Use this URL to cite or link to this record in EThOS: https://ethos.bl.uk/OrderDetails.do?uin=uk.bl.ethos.782434
Title: An application of data mining techniques to determine the effectiveness of multiple road safety countermeasures
Author: Al-Nuaimi, Atheer Naji
ISNI:       0000 0004 7968 0394
Awarding Body: University of Birmingham
Current Institution: University of Birmingham
Date of Award: 2019
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Abstract:
Road safety is a major concern worldwide and requires appropriate management. This study focuses on the effectiveness of combining road safety countermeasures to reduce car occupants' fatalities in Low and Middle Income Countries (LMIC) using the star rating system in the international Road Assessment Programme (iRAP). Such countermeasures may be used individually or as a combination of multiple countermeasures. Yet it may be difficult for practising road safety engineers to make decisions about which combinations of countermeasures are the most effective to use when addressing road safety issues, especially with the availability of many treatments. Likely, errors in this decision-making will lead to inefficient use of limited road safety funding. This study seeks to develop an innovative method whereby road infrastructure attributes may be combined and ranked in a new way, through processes of Knowledge Discovery in Databases (KDD). The computer environment Waikato Environment for Knowledge Analysis (WEKA) facilitated the above and enabled the extraction of knowledge in terms of decision trees and associated rules. In addition, traditional statistical models were used to combine road infrastructure attributes in iRAP. Two statistical regression models were developed in this study, the Poisson and Negative Binomial. For the Poisson model, the results showed that overdispersion did exist as the overdispersion factor for the fatality rates data is higher than (1.0). Therefore, the Poisson model was omitted. For the Negative Binomial, the results showed that the independent variables have significant effect on the fatality numbers, as their confidence level is higher than 95%. Therefore, the Negative Binomial was shown to be an appropriate statistical regression approach to correlate road traffic and geometric attributes to fatalities numbers for the database used in this study. The knowledge discovery and data mining techniques were found to be an enhanced alternative to the statistical models, which finds the effectiveness of road safety multiple treatments by correlating the current road attributes associated with head-on and run-off crashes without the need for historical crash data. The data mining models developed in this study were verified by comparing the mined countermeasures combinations with the real ones from the iRAP model. Using an iRAP database from India, the most effective combinations of countermeasures for each crash type and for each road safety level (star rating) were identified. For example, it was found that the most effective countermeasures combination for road sections with head-on and run-off crashes on single lane carriageways with traversable median types and gradient ≥0% to < 7.5%, requires that the differential speed limits should not be presented, medium skid resistance, medium lane width (≥2.75m to < 3.25m), straight or gentle curvature (radius greater than 900m), adequate quality of curve (advance warning signs of bend and roadside indicators to indicate the curvature), short roadside distance (1 to < 5m), narrow paved shoulder (≥0m to < 1.0m), and adequate delineation. The above findings could lead practising road safety engineers to combine and rank road safety treatments more satisfactorily, and could also encourage countries to invest more in road safety to save more realistic estimated fatalities in the future, especially in LMICs.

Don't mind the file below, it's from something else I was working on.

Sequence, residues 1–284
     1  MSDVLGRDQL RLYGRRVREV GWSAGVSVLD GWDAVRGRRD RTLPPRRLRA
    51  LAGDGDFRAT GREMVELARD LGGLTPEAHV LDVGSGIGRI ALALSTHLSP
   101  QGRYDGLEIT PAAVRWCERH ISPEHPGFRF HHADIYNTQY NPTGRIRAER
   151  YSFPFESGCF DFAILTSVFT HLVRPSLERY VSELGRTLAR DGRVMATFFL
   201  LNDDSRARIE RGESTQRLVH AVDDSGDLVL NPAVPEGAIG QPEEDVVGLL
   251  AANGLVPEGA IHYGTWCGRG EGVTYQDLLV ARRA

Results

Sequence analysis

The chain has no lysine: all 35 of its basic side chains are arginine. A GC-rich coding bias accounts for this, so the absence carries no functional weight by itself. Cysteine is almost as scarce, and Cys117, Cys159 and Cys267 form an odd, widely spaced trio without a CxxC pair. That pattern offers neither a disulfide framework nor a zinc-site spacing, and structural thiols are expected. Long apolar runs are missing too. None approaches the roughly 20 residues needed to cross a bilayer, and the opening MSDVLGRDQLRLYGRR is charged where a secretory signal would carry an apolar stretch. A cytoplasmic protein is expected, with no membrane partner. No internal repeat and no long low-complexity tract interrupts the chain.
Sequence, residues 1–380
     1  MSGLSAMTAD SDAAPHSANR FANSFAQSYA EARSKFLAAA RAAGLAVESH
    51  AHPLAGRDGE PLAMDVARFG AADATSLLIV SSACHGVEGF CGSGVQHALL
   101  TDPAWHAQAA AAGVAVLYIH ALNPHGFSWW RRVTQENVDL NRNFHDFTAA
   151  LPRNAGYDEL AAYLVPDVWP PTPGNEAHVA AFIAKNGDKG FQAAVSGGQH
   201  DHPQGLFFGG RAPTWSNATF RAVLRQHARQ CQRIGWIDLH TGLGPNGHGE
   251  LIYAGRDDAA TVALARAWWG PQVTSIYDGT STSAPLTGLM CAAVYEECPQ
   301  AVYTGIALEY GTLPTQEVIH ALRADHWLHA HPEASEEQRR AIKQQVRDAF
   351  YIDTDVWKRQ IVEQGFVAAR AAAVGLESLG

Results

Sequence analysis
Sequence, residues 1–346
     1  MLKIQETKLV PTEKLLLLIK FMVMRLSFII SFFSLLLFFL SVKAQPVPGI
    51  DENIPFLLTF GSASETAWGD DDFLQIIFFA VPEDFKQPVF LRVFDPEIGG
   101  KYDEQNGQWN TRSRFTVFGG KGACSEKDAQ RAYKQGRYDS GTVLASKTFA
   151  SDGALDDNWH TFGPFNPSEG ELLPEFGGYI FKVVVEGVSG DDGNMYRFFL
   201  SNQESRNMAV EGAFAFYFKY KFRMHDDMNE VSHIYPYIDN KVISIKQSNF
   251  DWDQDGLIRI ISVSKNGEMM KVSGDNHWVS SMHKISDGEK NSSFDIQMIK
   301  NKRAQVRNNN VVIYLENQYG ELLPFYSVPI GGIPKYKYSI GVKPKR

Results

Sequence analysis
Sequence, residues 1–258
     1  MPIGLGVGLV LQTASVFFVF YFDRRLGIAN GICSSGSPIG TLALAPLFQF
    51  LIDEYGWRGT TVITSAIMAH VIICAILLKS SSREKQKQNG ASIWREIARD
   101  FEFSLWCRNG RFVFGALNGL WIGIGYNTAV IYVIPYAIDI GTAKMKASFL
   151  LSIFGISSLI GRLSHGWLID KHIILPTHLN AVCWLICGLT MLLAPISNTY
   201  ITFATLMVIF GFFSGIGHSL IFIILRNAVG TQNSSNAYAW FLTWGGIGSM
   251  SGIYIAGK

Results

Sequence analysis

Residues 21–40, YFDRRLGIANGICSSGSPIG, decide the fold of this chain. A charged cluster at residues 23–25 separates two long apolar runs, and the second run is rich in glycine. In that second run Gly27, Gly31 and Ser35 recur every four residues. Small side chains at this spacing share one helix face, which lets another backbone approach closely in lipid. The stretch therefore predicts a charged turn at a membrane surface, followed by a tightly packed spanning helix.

Supervisor: Not available Sponsor: Not available
Qualification Name: Thesis (Ph.D.) Qualification Level: Doctoral
EThOS ID: uk.bl.ethos.782434  DOI: Not available
Keywords: TE Highway engineering. Roads and pavements
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